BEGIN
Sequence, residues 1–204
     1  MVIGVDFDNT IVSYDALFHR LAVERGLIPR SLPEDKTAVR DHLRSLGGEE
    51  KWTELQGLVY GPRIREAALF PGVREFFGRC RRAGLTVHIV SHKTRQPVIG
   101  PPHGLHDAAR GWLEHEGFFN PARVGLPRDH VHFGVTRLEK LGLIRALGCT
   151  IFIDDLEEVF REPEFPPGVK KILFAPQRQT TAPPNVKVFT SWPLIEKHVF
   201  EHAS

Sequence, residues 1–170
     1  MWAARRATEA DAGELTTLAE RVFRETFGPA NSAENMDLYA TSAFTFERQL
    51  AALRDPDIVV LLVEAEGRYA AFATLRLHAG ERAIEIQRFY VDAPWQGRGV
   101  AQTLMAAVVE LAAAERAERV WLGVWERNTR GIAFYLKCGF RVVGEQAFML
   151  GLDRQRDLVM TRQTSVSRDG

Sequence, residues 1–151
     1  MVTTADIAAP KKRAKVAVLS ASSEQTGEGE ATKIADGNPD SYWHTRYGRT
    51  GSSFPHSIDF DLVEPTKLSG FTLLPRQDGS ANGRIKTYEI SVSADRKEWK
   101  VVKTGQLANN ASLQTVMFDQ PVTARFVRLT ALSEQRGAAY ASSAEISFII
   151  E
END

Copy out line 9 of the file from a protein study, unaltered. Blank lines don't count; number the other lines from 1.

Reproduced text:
    51  AALRDPDIVV LLVEAEGRYA AFATLRLHAG ERAIEIQRFY VDAPWQGRGV